In the vast realm of The Legend of Zelda series, there exists a title that stands as a black sheep, diverging from the conventional paths laid by its predecessors. Enter Zelda II: The Adventure of Link, a game that dared to deviate from the established formula, venturing into the uncharted territory of side-scrolling action RPG. In this review, I, Brighton Nelson, will embark on a journey through the game's distinctive features, assessing its combat mechanics, art and graphics, musical composition, sidequests, dungeons, storytelling, item integration, overall theming, and quality of life elements. Often criticized for its departure from the norm, Zelda II holds a unique position in the Zelda universe, paving the way for future innovations in the gaming industry. Now, without further ado, RPG Ranked presents... a Zelda II: The Adventure of Link Review: A black sheep like no other.
Combat - 10
This game was the first action side-scroller RPG, in a way spawning the first game of the fantastic Metroidvania genre. While this game can be mind-numbingly tricky and unfair sometimes (some enemy hitboxes are awful), there's so much satisfaction in finally understanding a problematic enemy's attack pattern and being able to breeze through a palace without losing all your lives. This game has some of the best, if not the best, enemy variety in the series, with every enemy feeling wholly different to engage in combat with. There are also remarkable sword techniques like UP Thrust and Down Thrust that make combat feel very fluid, as well as magic spells like Shield, Jump, Heal, Fire, Thunder, and Reflect to make combat more varied. This game's combat feels awful at first due to the harsh difficulty curve, but once you get the hang of the sword techniques, it feels infinitely satisfying to partake in. While I would've loved less cheap enemy placement, this game had fantastic combat, and I'd love to see a remake or remaster of this game with smoother combat to make it even more masterful than it already is. Or at least see more games akin to Chibi Knight that are fantastic spiritual successors to this game. This game may have my favorite combat in the series, perhaps rivaled by the recent Tears of the Kingdom. I'd love to see another Zelda game in this vein, even though I am more than 100% positive that will never happen.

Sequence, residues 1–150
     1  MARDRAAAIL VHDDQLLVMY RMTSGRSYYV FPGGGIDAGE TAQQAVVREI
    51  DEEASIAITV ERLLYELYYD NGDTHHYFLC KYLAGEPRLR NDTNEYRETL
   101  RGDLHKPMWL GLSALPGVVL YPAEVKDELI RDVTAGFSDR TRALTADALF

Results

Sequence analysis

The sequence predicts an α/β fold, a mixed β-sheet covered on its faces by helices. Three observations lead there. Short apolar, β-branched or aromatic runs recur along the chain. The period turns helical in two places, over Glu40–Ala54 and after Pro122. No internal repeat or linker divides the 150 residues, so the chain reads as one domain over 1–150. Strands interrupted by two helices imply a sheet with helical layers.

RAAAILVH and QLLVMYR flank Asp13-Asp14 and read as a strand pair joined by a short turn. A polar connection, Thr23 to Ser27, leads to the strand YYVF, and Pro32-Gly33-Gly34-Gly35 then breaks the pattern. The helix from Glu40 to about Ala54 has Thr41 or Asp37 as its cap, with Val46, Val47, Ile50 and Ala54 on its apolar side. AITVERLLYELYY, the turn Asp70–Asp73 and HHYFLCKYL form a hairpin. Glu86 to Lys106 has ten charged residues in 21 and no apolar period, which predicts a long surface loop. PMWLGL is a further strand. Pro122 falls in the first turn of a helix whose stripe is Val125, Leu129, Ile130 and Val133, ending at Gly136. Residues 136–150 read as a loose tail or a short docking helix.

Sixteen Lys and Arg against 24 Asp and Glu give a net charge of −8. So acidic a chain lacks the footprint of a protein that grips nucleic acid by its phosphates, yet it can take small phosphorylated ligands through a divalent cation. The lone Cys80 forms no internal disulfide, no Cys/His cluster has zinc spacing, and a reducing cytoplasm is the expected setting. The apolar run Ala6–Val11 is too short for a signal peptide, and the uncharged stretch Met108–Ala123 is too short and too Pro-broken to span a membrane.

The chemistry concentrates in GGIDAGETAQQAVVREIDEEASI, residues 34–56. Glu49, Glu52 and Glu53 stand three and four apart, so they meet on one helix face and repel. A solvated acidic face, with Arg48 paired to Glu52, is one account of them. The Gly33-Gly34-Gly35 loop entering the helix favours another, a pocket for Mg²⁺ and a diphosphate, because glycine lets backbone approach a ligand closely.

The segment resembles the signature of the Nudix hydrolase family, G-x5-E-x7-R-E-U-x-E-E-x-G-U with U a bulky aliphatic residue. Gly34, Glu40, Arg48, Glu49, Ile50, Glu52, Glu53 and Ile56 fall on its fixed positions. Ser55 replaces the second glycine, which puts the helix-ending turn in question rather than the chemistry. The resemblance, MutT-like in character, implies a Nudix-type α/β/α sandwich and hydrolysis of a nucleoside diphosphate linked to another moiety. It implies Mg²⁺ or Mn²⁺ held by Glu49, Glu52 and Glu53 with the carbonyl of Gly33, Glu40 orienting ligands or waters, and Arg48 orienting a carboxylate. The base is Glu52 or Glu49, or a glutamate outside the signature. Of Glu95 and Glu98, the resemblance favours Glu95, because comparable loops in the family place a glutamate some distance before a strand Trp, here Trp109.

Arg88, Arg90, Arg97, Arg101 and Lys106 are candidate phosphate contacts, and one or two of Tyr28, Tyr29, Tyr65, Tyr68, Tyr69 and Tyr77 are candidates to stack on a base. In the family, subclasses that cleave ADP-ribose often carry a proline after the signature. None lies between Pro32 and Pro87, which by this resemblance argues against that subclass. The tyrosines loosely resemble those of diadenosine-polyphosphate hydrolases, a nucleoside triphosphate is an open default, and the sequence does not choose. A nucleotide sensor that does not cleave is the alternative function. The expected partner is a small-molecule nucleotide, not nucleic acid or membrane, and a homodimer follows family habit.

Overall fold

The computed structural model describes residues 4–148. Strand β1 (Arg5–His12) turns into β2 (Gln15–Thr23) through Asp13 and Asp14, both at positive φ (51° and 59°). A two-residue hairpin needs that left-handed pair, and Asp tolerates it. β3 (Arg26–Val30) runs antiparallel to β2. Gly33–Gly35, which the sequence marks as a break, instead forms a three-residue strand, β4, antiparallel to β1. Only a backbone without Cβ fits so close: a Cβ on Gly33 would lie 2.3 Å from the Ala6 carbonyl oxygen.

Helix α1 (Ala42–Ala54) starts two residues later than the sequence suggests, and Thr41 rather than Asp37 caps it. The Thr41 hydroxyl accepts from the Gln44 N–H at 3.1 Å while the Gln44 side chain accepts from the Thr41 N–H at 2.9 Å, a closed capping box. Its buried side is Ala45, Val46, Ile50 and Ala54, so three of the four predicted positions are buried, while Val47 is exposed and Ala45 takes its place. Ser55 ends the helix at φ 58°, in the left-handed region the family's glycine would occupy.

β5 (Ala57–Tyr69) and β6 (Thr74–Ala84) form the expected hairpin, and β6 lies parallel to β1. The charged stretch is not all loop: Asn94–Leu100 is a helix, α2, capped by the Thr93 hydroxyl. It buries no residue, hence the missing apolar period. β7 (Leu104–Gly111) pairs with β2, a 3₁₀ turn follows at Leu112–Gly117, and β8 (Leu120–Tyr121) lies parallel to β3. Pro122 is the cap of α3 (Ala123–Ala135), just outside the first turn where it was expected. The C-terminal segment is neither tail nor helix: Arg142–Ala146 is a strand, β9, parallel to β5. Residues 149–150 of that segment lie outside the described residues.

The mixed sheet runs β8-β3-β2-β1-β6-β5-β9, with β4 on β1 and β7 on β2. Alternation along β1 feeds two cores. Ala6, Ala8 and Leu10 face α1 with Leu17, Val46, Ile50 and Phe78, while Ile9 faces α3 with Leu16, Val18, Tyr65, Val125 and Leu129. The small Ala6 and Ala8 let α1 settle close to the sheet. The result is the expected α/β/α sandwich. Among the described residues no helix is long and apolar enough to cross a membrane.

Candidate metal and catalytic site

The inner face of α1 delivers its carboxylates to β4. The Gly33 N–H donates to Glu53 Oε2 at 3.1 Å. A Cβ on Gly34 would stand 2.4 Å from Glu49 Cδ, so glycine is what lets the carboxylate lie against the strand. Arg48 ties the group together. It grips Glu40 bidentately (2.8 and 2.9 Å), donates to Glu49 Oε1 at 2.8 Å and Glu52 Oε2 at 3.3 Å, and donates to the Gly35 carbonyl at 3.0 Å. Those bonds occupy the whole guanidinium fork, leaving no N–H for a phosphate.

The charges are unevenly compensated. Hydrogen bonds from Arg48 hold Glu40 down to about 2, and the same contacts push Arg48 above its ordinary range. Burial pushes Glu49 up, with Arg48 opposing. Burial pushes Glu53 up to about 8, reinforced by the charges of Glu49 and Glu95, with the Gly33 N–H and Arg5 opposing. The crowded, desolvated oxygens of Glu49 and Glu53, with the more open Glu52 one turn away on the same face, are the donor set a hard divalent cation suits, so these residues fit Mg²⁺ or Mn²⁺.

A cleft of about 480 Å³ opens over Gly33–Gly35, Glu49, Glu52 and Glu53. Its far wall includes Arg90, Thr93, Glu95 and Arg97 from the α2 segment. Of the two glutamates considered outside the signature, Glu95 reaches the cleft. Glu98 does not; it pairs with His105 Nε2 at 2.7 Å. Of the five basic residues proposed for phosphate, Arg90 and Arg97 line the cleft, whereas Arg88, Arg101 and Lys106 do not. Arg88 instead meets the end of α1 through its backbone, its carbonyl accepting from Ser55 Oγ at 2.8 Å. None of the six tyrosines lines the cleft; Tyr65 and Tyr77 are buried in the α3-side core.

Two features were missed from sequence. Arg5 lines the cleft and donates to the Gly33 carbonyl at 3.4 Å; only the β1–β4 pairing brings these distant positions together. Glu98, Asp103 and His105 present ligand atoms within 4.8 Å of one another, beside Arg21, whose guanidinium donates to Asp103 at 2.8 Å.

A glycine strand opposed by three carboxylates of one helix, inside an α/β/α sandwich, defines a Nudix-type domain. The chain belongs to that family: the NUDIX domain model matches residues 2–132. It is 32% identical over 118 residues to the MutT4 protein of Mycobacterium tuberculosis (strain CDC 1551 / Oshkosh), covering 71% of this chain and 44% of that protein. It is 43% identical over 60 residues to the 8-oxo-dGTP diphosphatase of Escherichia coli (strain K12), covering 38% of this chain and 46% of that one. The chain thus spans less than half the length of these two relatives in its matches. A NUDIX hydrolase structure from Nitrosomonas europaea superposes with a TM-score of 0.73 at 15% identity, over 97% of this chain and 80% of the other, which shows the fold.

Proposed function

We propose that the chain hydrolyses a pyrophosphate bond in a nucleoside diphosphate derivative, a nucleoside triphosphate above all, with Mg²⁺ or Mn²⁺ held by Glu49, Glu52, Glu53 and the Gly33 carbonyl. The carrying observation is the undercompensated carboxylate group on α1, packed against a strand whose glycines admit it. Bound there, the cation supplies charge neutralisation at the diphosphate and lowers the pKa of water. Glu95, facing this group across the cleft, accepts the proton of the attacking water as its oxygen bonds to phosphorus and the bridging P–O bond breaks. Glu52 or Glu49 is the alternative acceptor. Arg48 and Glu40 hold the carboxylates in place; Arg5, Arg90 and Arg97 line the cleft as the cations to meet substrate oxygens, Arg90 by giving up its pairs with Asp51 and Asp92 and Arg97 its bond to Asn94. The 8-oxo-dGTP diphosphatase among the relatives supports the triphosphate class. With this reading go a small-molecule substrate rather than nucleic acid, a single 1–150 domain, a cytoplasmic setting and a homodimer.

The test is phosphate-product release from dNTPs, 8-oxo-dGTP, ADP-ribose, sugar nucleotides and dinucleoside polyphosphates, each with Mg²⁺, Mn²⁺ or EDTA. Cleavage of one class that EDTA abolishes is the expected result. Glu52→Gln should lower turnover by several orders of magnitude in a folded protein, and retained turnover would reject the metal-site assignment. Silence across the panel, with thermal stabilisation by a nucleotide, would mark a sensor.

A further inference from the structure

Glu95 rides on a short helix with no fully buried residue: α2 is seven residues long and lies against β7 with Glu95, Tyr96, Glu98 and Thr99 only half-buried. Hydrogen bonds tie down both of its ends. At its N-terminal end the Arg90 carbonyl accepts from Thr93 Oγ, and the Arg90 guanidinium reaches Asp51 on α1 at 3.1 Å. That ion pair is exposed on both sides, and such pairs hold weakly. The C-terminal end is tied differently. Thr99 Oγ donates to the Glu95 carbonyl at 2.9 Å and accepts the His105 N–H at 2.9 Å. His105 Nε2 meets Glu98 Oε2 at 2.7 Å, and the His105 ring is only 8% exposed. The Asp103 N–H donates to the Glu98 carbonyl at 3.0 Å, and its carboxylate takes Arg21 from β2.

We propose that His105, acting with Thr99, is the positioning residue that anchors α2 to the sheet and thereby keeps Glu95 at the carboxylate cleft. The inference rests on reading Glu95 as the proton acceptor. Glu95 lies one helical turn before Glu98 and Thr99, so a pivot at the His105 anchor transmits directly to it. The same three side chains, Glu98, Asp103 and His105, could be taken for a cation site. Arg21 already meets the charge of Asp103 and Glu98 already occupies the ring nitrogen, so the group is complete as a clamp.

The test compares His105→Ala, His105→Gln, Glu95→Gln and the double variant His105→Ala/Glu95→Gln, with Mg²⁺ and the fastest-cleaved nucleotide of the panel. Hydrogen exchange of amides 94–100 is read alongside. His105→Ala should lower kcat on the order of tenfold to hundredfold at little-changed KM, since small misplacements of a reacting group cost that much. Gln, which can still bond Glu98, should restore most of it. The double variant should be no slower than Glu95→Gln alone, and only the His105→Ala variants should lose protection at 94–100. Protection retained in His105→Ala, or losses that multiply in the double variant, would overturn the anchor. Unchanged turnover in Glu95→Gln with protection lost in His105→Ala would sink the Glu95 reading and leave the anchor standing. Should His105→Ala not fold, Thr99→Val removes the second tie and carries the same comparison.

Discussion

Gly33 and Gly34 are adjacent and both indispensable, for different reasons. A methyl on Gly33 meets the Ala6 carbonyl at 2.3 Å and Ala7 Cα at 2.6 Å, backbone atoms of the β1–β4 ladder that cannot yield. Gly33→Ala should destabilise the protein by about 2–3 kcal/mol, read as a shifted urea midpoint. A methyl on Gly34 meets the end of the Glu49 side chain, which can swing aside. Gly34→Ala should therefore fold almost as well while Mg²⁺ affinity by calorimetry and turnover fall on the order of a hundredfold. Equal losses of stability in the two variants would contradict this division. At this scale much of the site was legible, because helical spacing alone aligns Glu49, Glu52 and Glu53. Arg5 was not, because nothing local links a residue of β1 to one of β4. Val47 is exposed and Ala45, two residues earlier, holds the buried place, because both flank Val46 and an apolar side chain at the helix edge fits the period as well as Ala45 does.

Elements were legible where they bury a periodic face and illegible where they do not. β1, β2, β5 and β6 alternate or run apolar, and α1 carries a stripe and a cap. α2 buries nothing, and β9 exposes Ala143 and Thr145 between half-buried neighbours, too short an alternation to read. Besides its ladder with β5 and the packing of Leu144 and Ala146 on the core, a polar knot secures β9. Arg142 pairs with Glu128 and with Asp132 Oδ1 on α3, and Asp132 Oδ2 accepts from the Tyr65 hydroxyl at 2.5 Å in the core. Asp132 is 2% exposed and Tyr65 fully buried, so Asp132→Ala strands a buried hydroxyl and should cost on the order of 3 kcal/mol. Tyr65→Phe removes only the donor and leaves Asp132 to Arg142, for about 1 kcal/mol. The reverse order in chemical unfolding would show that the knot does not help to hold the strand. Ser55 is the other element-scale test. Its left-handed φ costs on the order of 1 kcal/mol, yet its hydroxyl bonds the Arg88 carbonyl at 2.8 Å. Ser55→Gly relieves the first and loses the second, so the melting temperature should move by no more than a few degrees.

Art & Graphics - 6
I can see this looking awesome for the time, with the human proportions and engaging animations being pretty groundbreaking. However, this game suffers from the common issue of aiming for realism, and while NES realism is still more charming than awful PS1 realism, it looks very odd playing it decades after its release. Unlike the original, which still looks timeless, this game looks aged and not-so-great. However, I still love some things—the enemy designs and Ui are great, even if everything else looks appalling. The world map especially feels like something 8-year-old me would've designed with GIMP and a tilemap application. Nonetheless, this game's graphics didn't take me out of the game, and I liked some aspects of them, so I'm not complaining too much. A six is a fair score for this game, I'd say.
Music - 8
I adore the music in this game! While the first game only had six tracks, this game squished in fifteen! However, as much as I love every song in this game—especially the Palace and Title tracks—I can't give a perfect score to such a brief soundtrack. With masterclass soundtracks found in modern RPGs having this quality and around ten times the song count, though? An 8 is the highest score I can realistically give this game.
Sidequests - 6
Locating Heart Containers, Magic Containers, Point Bags, and Link Dolls hidden worldwide is fun, and some of the secret items, like the Mystic Key, are interesting to locate. However, many of these sidequests end up feeling annoyingly mandatory due to the difficulty of the game and the necessity of tracking down Magic Containers to acquire the Thunder Spell. This makes sidequests feel like a part of the main adventure, not even sidequests at all. Compared to the exploration of the original game, this doesn't compare.
Dungeons - 6